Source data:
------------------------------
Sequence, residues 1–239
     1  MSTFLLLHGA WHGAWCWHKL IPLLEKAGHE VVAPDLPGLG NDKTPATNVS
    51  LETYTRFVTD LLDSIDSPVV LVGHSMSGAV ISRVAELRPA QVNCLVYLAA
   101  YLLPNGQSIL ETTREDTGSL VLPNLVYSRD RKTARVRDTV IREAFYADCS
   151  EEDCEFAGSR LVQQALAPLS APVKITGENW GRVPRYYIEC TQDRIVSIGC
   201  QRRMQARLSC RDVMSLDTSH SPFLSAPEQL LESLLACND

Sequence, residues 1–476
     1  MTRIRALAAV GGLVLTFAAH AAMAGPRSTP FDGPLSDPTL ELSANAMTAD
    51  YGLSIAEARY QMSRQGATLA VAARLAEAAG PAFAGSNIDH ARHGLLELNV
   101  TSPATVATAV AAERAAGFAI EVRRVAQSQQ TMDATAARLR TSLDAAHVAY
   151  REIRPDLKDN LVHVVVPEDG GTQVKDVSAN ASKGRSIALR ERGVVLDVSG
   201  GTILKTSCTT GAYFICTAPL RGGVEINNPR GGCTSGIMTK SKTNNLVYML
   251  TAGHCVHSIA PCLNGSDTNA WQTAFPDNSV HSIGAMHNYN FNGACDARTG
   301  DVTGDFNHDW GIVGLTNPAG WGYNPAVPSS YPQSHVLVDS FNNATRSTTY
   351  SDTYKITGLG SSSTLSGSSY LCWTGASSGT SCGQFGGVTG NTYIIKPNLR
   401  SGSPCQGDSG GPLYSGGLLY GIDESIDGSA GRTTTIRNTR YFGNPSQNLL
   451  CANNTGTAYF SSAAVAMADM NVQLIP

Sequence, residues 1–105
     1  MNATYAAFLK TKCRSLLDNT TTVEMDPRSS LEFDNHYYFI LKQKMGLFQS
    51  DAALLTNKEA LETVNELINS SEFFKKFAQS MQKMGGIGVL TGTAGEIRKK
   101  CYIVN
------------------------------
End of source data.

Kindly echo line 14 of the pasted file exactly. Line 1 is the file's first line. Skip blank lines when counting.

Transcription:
   301  DVTGDFNHDW GIVGLTNPAG WGYNPAVPSS YPQSHVLVDS FNNATRSTTY